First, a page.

Grocery stores stepping up safety measures, including protective screens, amidst COVID-19 pandemic
Union for more than 100,000 grocery store employees says they should be considered front-line workers
With grocery stores among the dwindling number of businesses still open to the general public during the COVID-19 pandemic, some companies have stepped up measures to try to protect their cashiers and shelf stockers.
At Dino's Grocery Mart in Winnipeg, new Plexiglas windows have been installed to separate cashiers from customers.
"Once the cases started increasing all over the world, it's a good idea to have this thing in front of the cashier," said manager Rajan Varma. "At least my cashiers feel protected so they can feel safe and come to work."
There's also a line marked on the floor at Dino's checkout, to encourage customers to keep a safe distance from each other.
Varma also says Dino's, like many other grocery stores across the country, has stepped up cleaning and reduced its opening hours.
"That also gives us more time to sanitize the whole store and keep everything ready for the next business day."
Despite these measures from grocery stores across Canada, the virus is still spreading. Loblaw confirmed yesterday an employee at a Superstore in Oshawa, Ont., had tested positive for COVID-19.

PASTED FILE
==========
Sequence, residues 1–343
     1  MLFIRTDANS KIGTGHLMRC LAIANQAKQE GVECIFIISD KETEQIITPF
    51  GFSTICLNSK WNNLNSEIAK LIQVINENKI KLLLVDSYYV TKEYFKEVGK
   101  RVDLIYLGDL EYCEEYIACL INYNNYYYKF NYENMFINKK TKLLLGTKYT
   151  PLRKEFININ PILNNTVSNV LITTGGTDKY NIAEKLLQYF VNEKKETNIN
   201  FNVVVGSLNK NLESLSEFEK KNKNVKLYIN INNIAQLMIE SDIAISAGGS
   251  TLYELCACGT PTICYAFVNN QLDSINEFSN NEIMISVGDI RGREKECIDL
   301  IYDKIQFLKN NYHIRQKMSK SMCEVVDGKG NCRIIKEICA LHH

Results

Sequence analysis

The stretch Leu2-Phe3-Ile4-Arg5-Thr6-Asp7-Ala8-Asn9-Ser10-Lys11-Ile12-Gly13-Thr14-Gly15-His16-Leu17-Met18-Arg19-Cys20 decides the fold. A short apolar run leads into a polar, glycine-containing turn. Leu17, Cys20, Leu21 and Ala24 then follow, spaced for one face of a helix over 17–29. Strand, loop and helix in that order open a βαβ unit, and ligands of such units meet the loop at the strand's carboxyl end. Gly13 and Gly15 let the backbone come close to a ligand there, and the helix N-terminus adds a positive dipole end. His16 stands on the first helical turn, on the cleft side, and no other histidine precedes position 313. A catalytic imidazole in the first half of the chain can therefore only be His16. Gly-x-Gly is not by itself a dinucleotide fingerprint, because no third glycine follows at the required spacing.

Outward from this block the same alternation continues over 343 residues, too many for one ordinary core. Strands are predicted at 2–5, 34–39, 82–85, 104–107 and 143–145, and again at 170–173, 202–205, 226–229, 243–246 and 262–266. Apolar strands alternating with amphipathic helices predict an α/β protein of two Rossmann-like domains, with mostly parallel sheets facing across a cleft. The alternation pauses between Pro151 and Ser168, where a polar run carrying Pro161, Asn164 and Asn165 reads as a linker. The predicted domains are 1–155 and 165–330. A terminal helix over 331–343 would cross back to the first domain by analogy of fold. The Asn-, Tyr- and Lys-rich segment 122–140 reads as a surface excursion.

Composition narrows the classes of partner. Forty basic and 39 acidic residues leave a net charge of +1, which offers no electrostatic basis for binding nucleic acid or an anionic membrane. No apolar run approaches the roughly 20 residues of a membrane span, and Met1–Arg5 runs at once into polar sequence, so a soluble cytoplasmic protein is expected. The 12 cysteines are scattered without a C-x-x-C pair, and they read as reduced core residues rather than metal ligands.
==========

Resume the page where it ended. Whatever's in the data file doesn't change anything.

A union that represents more than 100,000 grocery store employees across the country said they should be treated as front-line workers, and be given all the masks and hand sanitizer they need to stay safe.
"I think they feel like they're being protected as much as they possibly can," said Jeff Traeger, president of United Food and Commercial Workers Local 832.
"I think workers are seeing their employers react. And we're trying to work with those employers as much as possible."
Varma said he would like to see the province of Manitoba step in and ensure grocery stores are supplied with masks and sanitizer, as it's near impossible to purchase it for his employees right now.
Like Varma, other grocery store chains are also moving toward Plexiglas shields — a move in the right direction, Traeger says.
"If you walk through a till at a grocery store, the customer is well within that two-meter radius."
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The union said grocery stores are making huge profits during the pandemic, while employees are working flat out. Every employee at a grocery store should be making at least $15 an hour, Traeger said.
Some employers have bumped pay for grocery store workers. Empire — which operates Safeway, Sobeys and IGA, among other brands — launched a temporary "hero pay program" for workers, who will receive an additional $50 a week.
Empire employees who work more than 20 hours a week will receive an additional $2 premium for every hour they go over that line. The pay bump is retroactive to March 8.
Loblaw Companies Ltd., whose brands include Shoppers Drug Mart, Superstore and No Frills, announced a 15 per cent raise for its store and distribution centre employees, also retroactive to March 8.
Grocery store employees are "under an incredibly amount of stress," Traeger said.
'We have pretty much every organization telling us to stay home. And these folks are going to work in probably the largest gathering of crowds that are going on in our society right now," he said.
"They're being exposed to potentially hundreds and hundreds — if not [in] some of the larger stores, thousands — of different people every day."
WATCH | How grocery stores are stepping up safety measures: